Walsall v Crawley Town
Bescot Stadium / League One / 14th April 2015
So, are Crawley my new Morecambe? For regular readers of this blog, they’ll know how I detest the notion of having ‘a second team’, although I suppose I can’t deny the fact that there are plenty of clubs out there who I have a certain soft spot for (as a certain ‘Twitter troll’ has been happy to point out to the extent of making collages of me in various different club shirts/scarves). I guess that’s just part of the territory of travelling around watching football that doesn’t always feature your team. Over the past few seasons I’ve wrestled against the claims, mainly from Morecambe fans, that the Shrimps are indeed my second team’. However, since 2014 became 2015, I’ve attended 1 Morecambe game compared to 2 Crawley games and today was to see me attend my 3rd Crawley game of the season – 3 in 4 months too. So have they supplanted Morecambe as the team battling to be the ones I one day say “Yes, they are my second team”? Well, a night partying with Morecambe FC once put me in hospital over night the following evening, so that’s a strong bond with a club right there!
So, why Crawley again then? Well, a number of reasons really. The main aim of today was to finally visit the Bescot Stadium – one of the most repeatedly delayed of my ‘doing the 92’ visits; the amount of times I’ve decided I was going for weeks and then switched plans the night before has been unreal. This trip had also been planned weeks before as I knew it fell in my Easter holidays. What I failed to do until a few weeks ago was to check who Walsall were actually playing that evening. I’d be lying if I said I wasn’t a bit excited when I saw that it was Crawley. Crawley are the ultimate Lost Boyos ‘entertainers’ this season – something I never saw coming in a million years. Ridiculous defending, ridiculous goals, strikers playing miraculously well in goals, half-naked celebrating, fans falling on the floor in elation, fans throwing coffee over players and generally, especially in the case of my day at Colchester with the club, a lively bunch of fans (yes, I’m being serious there too). Ultimately, when I think of Crawley, I think fun. You don’t need to say it – I think I’ve gone mad too. The away end it would be for me tonight. But would it be worth being stranded in Crewe for 4.5 hours in the early hours of the next morning? Well, more on that part of the tale later.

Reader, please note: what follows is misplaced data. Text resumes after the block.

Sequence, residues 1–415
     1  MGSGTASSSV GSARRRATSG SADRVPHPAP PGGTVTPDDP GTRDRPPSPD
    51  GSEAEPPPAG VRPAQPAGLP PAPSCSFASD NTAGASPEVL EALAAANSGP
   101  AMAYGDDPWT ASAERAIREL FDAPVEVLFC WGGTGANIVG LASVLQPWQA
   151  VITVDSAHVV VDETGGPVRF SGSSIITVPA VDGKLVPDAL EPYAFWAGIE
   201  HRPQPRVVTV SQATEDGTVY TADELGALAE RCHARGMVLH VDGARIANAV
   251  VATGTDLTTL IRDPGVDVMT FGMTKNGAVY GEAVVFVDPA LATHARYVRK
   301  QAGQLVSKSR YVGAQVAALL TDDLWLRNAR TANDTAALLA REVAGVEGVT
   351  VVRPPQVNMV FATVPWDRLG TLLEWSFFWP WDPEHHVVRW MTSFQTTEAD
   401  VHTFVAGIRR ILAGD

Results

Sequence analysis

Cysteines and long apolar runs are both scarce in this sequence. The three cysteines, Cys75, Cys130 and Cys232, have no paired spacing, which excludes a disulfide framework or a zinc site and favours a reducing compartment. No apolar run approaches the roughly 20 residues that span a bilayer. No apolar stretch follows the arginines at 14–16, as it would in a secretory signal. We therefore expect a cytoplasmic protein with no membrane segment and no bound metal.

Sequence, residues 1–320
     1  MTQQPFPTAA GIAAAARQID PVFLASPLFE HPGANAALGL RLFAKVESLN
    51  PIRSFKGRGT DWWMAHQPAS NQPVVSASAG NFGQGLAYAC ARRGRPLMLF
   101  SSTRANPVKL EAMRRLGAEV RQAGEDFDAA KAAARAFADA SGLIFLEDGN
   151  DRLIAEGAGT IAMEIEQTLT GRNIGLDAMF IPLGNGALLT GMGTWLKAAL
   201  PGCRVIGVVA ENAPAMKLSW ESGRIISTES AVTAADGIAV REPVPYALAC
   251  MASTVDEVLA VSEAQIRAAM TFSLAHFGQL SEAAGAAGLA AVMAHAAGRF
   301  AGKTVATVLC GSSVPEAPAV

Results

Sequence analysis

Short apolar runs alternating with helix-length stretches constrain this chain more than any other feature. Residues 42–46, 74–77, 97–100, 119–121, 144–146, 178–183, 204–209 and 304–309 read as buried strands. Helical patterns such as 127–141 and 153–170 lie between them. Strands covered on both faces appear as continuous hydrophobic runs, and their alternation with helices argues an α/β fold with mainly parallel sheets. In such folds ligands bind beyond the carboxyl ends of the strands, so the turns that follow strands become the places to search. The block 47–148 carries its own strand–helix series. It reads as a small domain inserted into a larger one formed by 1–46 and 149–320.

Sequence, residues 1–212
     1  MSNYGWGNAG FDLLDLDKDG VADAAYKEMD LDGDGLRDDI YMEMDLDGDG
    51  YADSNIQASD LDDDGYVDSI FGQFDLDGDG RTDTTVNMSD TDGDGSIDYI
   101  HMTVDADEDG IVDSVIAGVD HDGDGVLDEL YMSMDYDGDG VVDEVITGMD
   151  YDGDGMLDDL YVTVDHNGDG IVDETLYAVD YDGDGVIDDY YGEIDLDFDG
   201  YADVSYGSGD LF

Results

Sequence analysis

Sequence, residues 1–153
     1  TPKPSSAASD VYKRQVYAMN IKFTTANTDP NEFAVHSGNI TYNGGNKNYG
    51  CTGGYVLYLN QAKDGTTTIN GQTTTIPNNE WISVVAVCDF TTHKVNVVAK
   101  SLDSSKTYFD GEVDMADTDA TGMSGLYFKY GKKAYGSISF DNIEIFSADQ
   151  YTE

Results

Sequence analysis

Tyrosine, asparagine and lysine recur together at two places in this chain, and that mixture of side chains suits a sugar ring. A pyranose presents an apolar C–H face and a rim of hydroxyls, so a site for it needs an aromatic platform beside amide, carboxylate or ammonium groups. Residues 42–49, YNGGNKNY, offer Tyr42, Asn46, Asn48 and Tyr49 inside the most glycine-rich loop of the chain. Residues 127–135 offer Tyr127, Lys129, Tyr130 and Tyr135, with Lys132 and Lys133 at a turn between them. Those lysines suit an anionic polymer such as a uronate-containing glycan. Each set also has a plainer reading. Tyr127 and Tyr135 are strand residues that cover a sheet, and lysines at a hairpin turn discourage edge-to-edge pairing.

No work today? Lets make a day of this then is it? Okay. Yes, I still think I’m losing my marbles as not only was I going to watch Walsall v Crawley on a Tuesday night, but I was also heading to the game virtually 10 hours before kick-off. I wasn’t going to camp outside the Bescot Stadium for the day until the game, I was going to make a day of it in Birmingham city centre, before heading over to Walsall for a few drinks. To be honest, nobody had sold Walsall to me as a glamorous town and I was repeatedly told, “There’s nothing there!” – you should know by now that that just gets me more intrigued.
I arrived into a very sunny Brum just after 11.30am and I thought I’d have a bit of a wander first. I had tweeted the night before asking people what I should do in Birmingham and almost immediately Birmingham City fan Lee Hinton recommended giving the Library of Birmingham a visit, its rooftop terrace in particular. So that was where I headed, ignoring the various pubs en route. Great shout from Lee, as I enjoyed some great views of the city from the terrace of this fantastic looking, modern building.
Lee had also suggested that if I wanted to mix ‘culture’ with drinking, then I should head down to the pubs in Brindley Place alongside the canals. Sounded good to me! Once again, my social media Brum tour guide had it spot on again. Soon I was enjoying a pint of beer outside the Malt House in the glorious sunshine alongside one of Birmingham’s canals. This was the perfect start to the day.